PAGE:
Unconditional: 1.

Conditional: 6.

This thorough discussion can provide an exciting opportunity to advance our knowledge of event probability. Another advantage of our method over

The remainder of this article is organized as follows. In the section immediately following, sample size planning while considering corresponding probabilities is proposed. In the first sub-section, the Welch test statistic is introduced and the sample size for event

Let the given data

with approximate Type I error rate

where

(

where

The CI width is then

If the CI width is less than or equal to a desired width value

where

It should be noted that, in

Based on

It is known that

where

In the present study, let

For motive (a), achieving a desired probability level for minimal total cost, the provided App (I) can be executed by exhaustion algorithms (

For motive (b), on the other hand, if there is a budget constraint and the total sampling cost is limited, we need to choose an optimal sample size such that a maximal probability of the event can be obtained. Thus,

For this task, App (II) (see

In this section, several comparisons are described in order to see if the proposed approach gives consistent or better results than existing methods for two-tailed test or two-sided CIs. For motive (a), firstly, when variances are equal, in

Proposed App (I) |
||||||||
---|---|---|---|---|---|---|---|---|

(1,1) with (1,1) | 45 | 22 | 23 | .906142 | 45 | 23 | 22 | .9057 |

(1,1) with (1,3) | 83 | 29 | 18 | .900254 | 84 | 30 | 18 | .9032 |

(1/9,1) with (1,1) | 21 | 5 | 16 | .902258 | 22 | 6 | 16 | .9144 |

(1/9,1) with (1,2) | 36 | 6 | 15 | .900894 | 37 | 7 | 15 | .9086 |

Proposed App (I) |
||||||||
---|---|---|---|---|---|---|---|---|

(4,1) with (1,3) | 253 | 130 | 41 | .901892 | 254 | 128 | 42 | .9060 |

(9,1) with (1,2) | 337 | 225 | 56 | .900217 | 338 | 226 | 56 | .9057 |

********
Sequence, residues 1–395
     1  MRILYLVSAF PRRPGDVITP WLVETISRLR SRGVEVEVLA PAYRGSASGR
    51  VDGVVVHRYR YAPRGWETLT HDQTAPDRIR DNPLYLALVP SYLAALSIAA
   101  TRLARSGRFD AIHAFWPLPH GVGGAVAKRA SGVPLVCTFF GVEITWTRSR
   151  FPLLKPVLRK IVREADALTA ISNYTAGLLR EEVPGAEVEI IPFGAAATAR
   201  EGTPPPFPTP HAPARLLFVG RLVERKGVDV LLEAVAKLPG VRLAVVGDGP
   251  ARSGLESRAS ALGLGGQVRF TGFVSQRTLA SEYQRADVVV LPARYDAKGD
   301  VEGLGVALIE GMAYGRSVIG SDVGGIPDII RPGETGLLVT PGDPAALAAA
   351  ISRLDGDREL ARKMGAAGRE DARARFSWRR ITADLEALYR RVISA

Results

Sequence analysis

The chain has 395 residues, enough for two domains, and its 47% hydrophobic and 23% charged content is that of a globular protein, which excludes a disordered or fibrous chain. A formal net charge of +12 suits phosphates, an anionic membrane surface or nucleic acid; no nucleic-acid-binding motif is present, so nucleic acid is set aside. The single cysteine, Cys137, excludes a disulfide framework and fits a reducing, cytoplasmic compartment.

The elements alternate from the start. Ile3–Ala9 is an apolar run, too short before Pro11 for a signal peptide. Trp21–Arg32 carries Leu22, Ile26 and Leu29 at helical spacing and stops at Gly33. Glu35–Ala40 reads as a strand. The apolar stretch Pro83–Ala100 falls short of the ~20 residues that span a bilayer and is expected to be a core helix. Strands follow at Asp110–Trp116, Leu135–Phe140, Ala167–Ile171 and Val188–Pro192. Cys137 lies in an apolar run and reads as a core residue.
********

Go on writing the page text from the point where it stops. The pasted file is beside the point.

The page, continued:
(9,1) with (1,3) | 390 | 240 | 50 | .900709 | 391 | 238 | 51 | .9042 |

For motive (b) in a fixed total cost, we employed

Fixed total cost | Proposed App (II) |
||||||
---|---|---|---|---|---|---|---|

(1/9,1) with (1,3) | 50 | 8 | 14 | .152415 | 11 | 13 | .1546 |

(1,1) with (1,3) | 80 | 35 | 15 | .066037 | 38 | 14 | .0679 |

(4,1) with (1,2) | 180 | 104 | 38 | .470735 | 106 | 37 | .4723 |

It should be noted that except for the true mean difference and the desired width, the values of variances and unit costs are also the key elements for allocating group sizes. Thus, these four parameters were varied to present the features of sample size planning in the following two sample size tables for the nine probability cases (all sample sizes are rounded up to the nearest integer) for motive (a). In

Case | ( |
||
---|---|---|---|

(2, 3) | (4, 3) | (8, 3) | |

1. |
393, 394 | 99, 100 | 26, 26 |

2. |
358, 358 | 358, 358 | 358, 358 |

3. |
395, 395 | 358, 358 | 358, 358 |

4. |
361, 361 | 361, 361 | 361, 361 |

5. |
420, 420 | 361, 361 | 361, 361 |

6. |
358, 358 | 358, 358 | 358, 358 |

7. |
385, 386 | 358, 358 | 358, 358 |

8. |
357, 358 | 358, 358 | 358, 358 |

9. |
359, 360 | 361, 361 | 361, 361 |